Along for the ride in Spain Barcelona: Amusement parks near the Mediterranean city are a welcome -- and often thrilling -- diversion.

March 02, 1997|By Larry Bleiberg | Larry Bleiberg,DALLAS MORNING NEWS

UPSIDE-DOWN OVER THE SPANISH COAST -- Plummeting at 70 mph, I brace for a bone-twisting turn. My head spins and my stomach somersaults. Out of the corner of my eye, I catch a glimpse of a turquoise Mediterranean. Then the woman next to me begins to scream.

Although it feels like a particularly ingenious form of torture from the Spanish Inquisition, I've actually paid money and stood in line for this experience: a ride on the Dragon Khan, the signature attraction of the Port Aventura theme park.

When the roller coaster ends, I emerge pale, shaken and awed by the twisted orange-steel contraption that frames the blue sky like a Picasso etching. The ride snakes through nearly a mile of track and makes eight loops, a world record.

Port Aventura, Europe's second-largest theme park after Disneyland Paris, has been packed since opening in 1995. Located in Salou, about 60 miles south of Barcelona, the park lured nearly 3 million visitors its first year.

Many come on holiday from colder European climes, but most have been Spaniards. Although theme parks are new in Spain, amusement parks have long been popular. In Barcelona, two mountains with commanding city views are both topped with whirling, spinning rides.

Mountjuic, home of the Olympics stadium, boasts a park near downtown. And Mount Tibidabo, whose park dates to the turn of the century, lords over the metropolitan area with rides that are more picturesque than terrifying. Even the carousel is enhanced by the postcard-pretty vista it provides of Barcelona. Only a rabid coaster nut would plan a European amusement-park tour. But for families visiting with children and for cathedral-weary tourists, Spain's parks provide a welcome break from the parade of cultural sites.

Port Aventura looks, feels and is organized like a U.S. theme park because it was designed by Anheuser-Busch, which runs nine parks in North America.

Any American teen-ager will feel right at home walking the streets of Mediterranea, one of the park's five themed lands. The others are China, Mexico, Polynesia and the Far (U.S.) West.

From the plentiful ATMs to the cellular-phone rental counter, the 285-acre park is planned for low hassle, high visitation. Even the patrons, mostly European kids dressed in the international uniform of Nikes and U.S. sports-team T-shirts, look as if they might live in the new subdivision down the interstate.

English is spoken by many park staff, including a performer in the Polynesian bird show who warbles a passable "Oh, What a Beautiful Morning!"

The attraction was first developed by Javier de la Rosa, a high-flying Barcelona financier, who slipped into financial and legal trouble before the park opened. The venture was bought out by a Spanish bank and the Tussauds Group of England, a conglomerate that owns several English tourist attractions, including Madame Tussaud's wax museum in London. A Spanish utility company and Anheuser-Busch are minority investors.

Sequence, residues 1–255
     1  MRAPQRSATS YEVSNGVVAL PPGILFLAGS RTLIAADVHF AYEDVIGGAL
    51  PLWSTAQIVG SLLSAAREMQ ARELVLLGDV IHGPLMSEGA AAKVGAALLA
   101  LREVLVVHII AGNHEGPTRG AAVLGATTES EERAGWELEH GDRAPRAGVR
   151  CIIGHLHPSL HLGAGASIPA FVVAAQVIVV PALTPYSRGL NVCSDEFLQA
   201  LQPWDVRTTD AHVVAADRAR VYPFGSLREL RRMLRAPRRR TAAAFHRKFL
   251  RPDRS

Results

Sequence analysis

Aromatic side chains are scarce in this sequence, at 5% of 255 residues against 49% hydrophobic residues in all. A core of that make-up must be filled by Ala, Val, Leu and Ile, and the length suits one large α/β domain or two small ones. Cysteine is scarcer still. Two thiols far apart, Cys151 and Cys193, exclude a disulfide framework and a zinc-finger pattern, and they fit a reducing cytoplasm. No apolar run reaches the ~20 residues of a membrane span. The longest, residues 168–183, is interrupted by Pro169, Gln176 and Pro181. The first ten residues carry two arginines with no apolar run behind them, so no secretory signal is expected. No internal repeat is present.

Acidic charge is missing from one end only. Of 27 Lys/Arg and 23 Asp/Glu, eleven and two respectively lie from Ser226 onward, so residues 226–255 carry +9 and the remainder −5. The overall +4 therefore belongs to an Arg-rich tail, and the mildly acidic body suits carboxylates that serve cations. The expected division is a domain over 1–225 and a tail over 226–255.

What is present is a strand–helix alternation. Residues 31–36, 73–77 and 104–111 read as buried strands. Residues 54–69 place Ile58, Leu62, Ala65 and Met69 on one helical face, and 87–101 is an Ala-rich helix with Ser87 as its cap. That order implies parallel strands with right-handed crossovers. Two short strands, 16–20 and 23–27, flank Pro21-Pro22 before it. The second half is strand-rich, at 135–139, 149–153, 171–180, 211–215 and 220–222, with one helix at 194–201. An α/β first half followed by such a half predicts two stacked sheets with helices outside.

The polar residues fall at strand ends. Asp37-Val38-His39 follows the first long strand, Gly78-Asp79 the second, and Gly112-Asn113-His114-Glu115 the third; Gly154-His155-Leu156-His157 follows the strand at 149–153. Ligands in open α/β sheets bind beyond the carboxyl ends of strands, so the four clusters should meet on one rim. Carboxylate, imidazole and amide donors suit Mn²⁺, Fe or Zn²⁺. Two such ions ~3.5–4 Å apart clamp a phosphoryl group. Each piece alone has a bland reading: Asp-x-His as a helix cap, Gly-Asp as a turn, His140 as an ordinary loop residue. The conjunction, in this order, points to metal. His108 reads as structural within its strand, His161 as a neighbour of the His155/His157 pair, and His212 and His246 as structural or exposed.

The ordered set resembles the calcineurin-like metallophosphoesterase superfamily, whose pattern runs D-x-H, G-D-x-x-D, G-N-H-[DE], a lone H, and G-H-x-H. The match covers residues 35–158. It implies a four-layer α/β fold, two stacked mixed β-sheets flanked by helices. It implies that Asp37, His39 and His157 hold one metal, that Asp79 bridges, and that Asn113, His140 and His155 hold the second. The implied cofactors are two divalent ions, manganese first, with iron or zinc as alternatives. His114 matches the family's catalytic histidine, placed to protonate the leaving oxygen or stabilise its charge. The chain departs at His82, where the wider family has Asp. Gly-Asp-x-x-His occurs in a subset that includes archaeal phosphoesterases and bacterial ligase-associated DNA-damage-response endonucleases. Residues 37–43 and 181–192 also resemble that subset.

From architecture to costumes to background music, the developers have created a fantasy world. It's amazing what a half-billion-dollars can buy.

Authenticity in design

Design and landscaping are beautiful and surprisingly authentic. The facade of the Feathered Serpent thrill ride is based on a relief from Tikal, Guatemala, while a temple in a Chinese town provided the model for the park's Yellow Dragon magic hall.

Rides, performances and shops also are geared to the appropriate area.

Mexico has a mercado (market) with imported handicrafts. In Polynesia, the buildings all appear to have been lashed together. (The park imported 125 miles of rope for the decorating effect.) And the general store in the Far West sells authentic U.S. souvenirs, ranging from Bud Light baseball caps to hand-sewn cowboy boots.

In the Far West area, rides and attractions are in the imaginary town of Penitence, which is supposed to be celebrating the U.S. centennial on July 4, 1876.

The area feels like any John Wayne western, complete with saloon, jail, cemetery and rail station. Lunch is served in the Iron Horse Hotel, where pastis de carn a l'estil Emma's, or Emma's meat loaf, is on the menu.

Across the main street, buckets that appear to have been peppered with buckshot leak into a trough. The imaginative water fountain attracts thirsty visitors and others posing for pictures.

Several times a day, actors take to the street in a mock gun battle and stunt show. Although the action isn't in English, the plot needs no translation: A handsome hero eventually saves a wronged showgirl.

Aside from the Dragon Khan, there are plenty of ways to get whiplash.

The Far West has a churning Grand Canyon ride splashing visitors through boulder-lined rapids. Mexico has El Diablo, a runaway mine train. Polynesia has the chiropractically incorrect Typhoon ride. Riders are strapped into a platform that turns upside down, twists and howls like a horrible storm.

Baltimore Sun Articles
|
|
|
Please note the green-lined linked article text has been applied commercially without any involvement from our newsroom editors, reporters or any other editorial staff.